Please excuse the delay I was without wifi in Kolkata and for my first few days back here in Chennai. Let’s pretend I posted this on Wednesday…
This week in Kolkata was maybe the loudest and most colorful of my life. If the past six weeks were characterized by their solitude and contemplation this one contrasted with constant interaction, noise, and activity. It was a little like a parody of a twenty-something going out and seeing the world. I found myself seeing amazing local art and music in the day and meeting musicians at night. I performed for the French ambassador (Jordan flashback), I ate at amazing restaurants, and I ended up on Indian TV… Twice. The world that people kept using to describe the city was “relentless” I think this applied to my week quite well. In my memory it is a little like a blur of color and sound. I don’t think it’s worth recounting the details so I’ll just give some highlights and some thoughts. I’m writing this on the plane home trying to stay awake!
Durga Puja is a twelve-day festival celebrating the victory of good over evil. The story goes that a Mahishasura prays to the Gods to make him invulnerable to the attacks of others. They grant him this wish and he uses his invincibility to start killing everybody. The gods get together and fuse into Durga. 10-armed Durga fights Mahishasura who first comes to her in the form of a bull. After she kills the bull Mahishasura emerges and she kills him too. There is much more to the story most of which I don’t know, but that the nuts and bolts.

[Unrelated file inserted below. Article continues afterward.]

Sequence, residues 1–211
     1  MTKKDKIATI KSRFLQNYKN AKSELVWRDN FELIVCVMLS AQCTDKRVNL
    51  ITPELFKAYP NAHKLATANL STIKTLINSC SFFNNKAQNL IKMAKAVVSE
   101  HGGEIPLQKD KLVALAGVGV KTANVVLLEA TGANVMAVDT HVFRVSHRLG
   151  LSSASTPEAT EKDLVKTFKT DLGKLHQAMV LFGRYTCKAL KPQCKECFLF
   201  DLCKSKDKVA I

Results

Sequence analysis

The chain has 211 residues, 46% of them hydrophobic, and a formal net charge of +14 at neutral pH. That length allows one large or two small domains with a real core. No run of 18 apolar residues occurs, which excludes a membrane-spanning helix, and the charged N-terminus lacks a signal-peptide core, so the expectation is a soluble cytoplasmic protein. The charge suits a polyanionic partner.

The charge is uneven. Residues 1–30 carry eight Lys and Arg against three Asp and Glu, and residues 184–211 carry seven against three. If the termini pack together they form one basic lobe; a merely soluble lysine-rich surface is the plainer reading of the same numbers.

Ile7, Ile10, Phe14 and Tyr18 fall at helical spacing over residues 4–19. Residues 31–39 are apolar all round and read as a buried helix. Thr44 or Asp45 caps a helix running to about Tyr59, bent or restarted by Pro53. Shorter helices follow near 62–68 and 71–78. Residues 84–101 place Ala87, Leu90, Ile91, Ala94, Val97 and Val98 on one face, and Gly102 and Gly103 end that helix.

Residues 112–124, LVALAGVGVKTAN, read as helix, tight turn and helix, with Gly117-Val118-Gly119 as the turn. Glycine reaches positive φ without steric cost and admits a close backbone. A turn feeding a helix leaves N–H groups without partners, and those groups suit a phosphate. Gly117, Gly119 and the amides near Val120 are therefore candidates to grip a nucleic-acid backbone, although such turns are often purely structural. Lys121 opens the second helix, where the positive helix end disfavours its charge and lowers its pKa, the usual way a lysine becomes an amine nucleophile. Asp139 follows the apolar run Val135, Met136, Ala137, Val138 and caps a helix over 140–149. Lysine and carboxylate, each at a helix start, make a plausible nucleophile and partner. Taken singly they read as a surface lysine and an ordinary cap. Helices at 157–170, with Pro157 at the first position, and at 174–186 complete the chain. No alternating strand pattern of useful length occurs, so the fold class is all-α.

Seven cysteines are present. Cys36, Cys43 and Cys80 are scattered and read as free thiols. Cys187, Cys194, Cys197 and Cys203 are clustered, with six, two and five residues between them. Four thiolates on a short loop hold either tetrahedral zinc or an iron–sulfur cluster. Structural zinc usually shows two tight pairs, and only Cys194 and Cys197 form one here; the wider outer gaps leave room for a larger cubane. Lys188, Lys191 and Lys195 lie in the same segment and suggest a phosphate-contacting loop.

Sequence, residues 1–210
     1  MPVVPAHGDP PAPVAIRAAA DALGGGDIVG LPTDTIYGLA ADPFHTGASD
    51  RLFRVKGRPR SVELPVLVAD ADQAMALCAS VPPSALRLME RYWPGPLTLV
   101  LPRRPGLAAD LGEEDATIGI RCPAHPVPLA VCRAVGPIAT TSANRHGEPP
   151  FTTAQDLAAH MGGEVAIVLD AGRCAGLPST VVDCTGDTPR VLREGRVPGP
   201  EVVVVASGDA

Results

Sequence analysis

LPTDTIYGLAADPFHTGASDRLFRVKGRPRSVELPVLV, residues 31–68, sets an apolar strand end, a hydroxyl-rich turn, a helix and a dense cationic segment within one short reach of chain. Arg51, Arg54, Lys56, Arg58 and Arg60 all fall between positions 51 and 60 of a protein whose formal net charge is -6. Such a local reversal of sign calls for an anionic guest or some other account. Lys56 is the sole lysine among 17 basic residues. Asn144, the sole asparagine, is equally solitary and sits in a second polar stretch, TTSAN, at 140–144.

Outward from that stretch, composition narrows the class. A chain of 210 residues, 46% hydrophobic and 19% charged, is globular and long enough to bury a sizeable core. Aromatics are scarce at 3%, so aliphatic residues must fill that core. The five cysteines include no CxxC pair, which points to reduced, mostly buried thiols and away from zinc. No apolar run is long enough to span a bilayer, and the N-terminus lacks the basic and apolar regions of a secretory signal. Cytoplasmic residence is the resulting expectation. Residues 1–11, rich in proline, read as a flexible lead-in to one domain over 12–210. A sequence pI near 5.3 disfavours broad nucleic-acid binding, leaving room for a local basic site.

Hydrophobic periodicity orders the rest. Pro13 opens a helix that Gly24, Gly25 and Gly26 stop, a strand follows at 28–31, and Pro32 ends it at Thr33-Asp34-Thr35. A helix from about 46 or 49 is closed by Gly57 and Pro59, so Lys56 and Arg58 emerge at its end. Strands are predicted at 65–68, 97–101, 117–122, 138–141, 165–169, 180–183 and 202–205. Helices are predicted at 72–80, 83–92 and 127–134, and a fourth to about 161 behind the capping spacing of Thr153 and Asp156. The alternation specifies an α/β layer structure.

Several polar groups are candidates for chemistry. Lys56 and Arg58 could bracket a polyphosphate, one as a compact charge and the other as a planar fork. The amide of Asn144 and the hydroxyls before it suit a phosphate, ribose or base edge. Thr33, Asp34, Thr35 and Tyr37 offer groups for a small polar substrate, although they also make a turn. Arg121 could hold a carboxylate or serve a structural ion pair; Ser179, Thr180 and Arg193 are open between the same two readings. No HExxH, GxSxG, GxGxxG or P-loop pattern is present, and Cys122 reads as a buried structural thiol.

During this festival nearly every community in Kolkata erects a Pandal. A Pandal is like a temporary shrine/art exhibit for Puja. They vary widely in their size and aesthetic. There are house Pandals in private homes, community Pandals in neighborhoods, and there are Pandals that have corporate sponsors and attract thousands per day. They are really beautiful structures and the sheer size and number of them is mind-blowing, not least because they are all temporary. During roughly hourly ceremonies small groups of percussionists ranging from 2-8 members play in the Pandals. These are mostly people from rural areas who do menial labor for a living. The feel and sound of their playing is indescribable, and it was fascinating to watch the pedagogy of older musicians teaching younger drummers on the job. Dura Puja is the largest outdoor art installation in the world. I can’t really describe it in words so I suggest you look at some pictures: https://www.facebook.com/max.bessesen
On my second day I lucked into a connection with the French Consulate and I fell into a crowd of about fifteen or twenty people going out to see the festival. About half of these people lived in Kolkata and of these most of them worked for the French consulate. But there were people from all over India and visitors from England, Ireland, and Argentina. It was a really interesting group of people. There were filmmakers, doctors, politicians, journalists, businesspeople, and a musician completing a PHD in Hindustani percussion.
Because of the government and press connection the group had a few VIP passes. These were used for the whole crew and we were able to bypass huge two-hour lines to see into the biggest Pandals. I’m grateful for the opportunity to see so much of the festival but I felt strange walking past throngs of people crammed against one another. In some places police officers (about a third of which were teenagers in uniform) literally joined hands to make a human fence to allow our party through.